Tahnun bin Shakhbut Al Nahyan

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Tahnun bin Shakhbut Al Nahyan
Sheikh
Ruler of Abu Dhabi
Reign1818–1833
PredecessorMuhammad bin Shakhbut Al Nahyan
SuccessorKhalifa bin Shakhbut Al Nahyan
Died1833
HouseAl Nahyan

Sheikh Tahnun bin Shakhbut Al Nahyan was the Ruler of Abu Dhabi from 1818–1833.[1] Having deposed his brother Muhammad bin Shakhbut Al Nayhan with his father's support, he ruled in his father's name.[2] Under Tahnun, Abu Dhabi became a Trucial State in 1820, eventually becoming the capital of the United Arab Emirates (UAE).

Accession[edit]

Tahnun acceded after having driven his brother Muhammad into exile with his father Shakhbut's support. It was, in fact, Shakhbut who was signatory to the landmark General Maritime Treaty of 1820 with the British, following the sack of Ras Al Khaimah and bombardment of coastal communities which took place during the punitive British Persian Gulf Campaign of 1819. However, in an 1824 peace agreement with Sultan bin Saqr Al Qasimi of Sharjah over the forts at Buraimi Oasis, it was Tahnun who signed.[3]

Abu Dhabi attacked[edit]

The exiled Sheikh Muhammad bin Shakhbut returned to Abu Dhabi in late 1823, together with a force of Manasir Bedouin and sacked the town. He was driven out, with the loss of 35 men, by Tahnun, who had raced from the interior to meet him. Muhammad made for Sharjah, but was followed by Tahnun and his force and Tahnun demanded Sultan bin Saqr of Sharjah hand him over. Sultan was saved the dilemma when Muhammad once again fled into exile.[4]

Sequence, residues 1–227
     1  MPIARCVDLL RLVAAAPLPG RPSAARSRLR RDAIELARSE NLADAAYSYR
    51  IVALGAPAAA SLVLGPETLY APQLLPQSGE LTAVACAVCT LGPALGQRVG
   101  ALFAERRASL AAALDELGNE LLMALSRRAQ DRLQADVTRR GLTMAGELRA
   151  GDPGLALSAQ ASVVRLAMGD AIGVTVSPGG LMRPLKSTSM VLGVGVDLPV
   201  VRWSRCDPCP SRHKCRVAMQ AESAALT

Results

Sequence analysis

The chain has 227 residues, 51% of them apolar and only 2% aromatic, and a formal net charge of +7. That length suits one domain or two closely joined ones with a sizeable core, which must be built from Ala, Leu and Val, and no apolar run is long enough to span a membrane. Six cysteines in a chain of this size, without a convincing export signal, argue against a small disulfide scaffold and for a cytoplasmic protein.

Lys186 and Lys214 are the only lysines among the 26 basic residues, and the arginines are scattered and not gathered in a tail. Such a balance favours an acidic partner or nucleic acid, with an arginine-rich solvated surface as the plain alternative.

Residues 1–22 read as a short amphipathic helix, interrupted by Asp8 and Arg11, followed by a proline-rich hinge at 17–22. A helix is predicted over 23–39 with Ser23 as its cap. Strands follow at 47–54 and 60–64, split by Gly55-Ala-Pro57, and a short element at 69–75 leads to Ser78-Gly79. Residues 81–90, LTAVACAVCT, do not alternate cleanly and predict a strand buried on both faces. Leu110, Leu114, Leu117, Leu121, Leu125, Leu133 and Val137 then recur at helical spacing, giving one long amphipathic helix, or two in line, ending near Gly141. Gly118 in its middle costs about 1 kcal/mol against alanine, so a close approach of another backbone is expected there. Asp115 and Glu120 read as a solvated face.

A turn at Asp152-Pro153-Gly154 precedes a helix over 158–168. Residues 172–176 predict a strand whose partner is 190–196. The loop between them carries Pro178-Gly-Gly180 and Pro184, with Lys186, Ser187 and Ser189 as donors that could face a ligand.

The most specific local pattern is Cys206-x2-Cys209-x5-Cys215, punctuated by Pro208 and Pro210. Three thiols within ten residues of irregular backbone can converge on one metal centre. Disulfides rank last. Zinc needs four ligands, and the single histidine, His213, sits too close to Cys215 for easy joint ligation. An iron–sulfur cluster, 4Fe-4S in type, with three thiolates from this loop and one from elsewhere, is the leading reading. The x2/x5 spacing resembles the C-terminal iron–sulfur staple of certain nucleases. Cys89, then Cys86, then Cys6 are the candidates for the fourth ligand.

Buraimi[edit]

As Abu Dhabi grew, many of its inhabitants maintained links to the inland oasis town of Buraimi (which would in time be split into Buraimi and the Abu Dhabi city of Al Ain) and Tahnun worked to establish his influence there, brokering a peace between the Na'im of the oasis and their breakaway relatives, the Al Nuami of Ajman and the Al Bu Shamis. A number of interests jostled for Buraimi, including the Sultan of Muscat, the Wahhabis (who had made a number of incursions) and Sultan bin Saqr of Sharjah, who had established a number of forts in the oasis. Tahnun commanded the loyalty of many of the Bedouin families in the area ('You will be aware that Dhahirah belongs to us' he told the British in 1839) and established his primacy there when, in 1824, an agreement was forced on Sharjah in which Sultan bin Saqr recognised Tahnun's claim to Buraimi and then demolished the forts he had built there.[1]

Tahnun had three sons, Hamdan, Said bin Tahnun Al Nahyan and Saqr.[1]

Death[edit]

Mistrusting his uncles Sheikh Khalifa bin Shakhbut Al Nahyan and Sultan bin Shakhbut, Tahnun kept them away from Abu Dhabi but his father persuaded him to let them return. He discovered them plotting to remove him and imprisoned a number of the plotters. This action spurred the conspirators to action and Tahnun was killed by his two uncles in 1833. Khalifa became the next Ruler.[5]

References[edit]

  1. ^ a b c Said., Zahlan, Rosemarie (2016). The Origins of the United Arab Emirates : a Political and Social History of the Trucial States. Taylor and Francis. p. 241. ISBN 9781317244653. OCLC 945874284.
  2. ^ Lorimer, John (1915). Gazetteer of the Persian Gulf. British Government, Bombay. p. 764.
  3. ^ 1941-, Heard-Bey, Frauke, (2005). From Trucial States to United Arab Emirates : a society in transition. London: Motivate. p. 48. ISBN 1860631673. OCLC 64689681.
  4. ^ Lorimer, John (1915). Gazetteer of the Persian Gulf. British Government, Bombay. p. 765.
  5. ^ 1941-, Heard-Bey, Frauke, (2005). From Trucial States to United Arab Emirates : a society in transition. London: Motivate. p. 49. ISBN 1860631673. OCLC 64689681.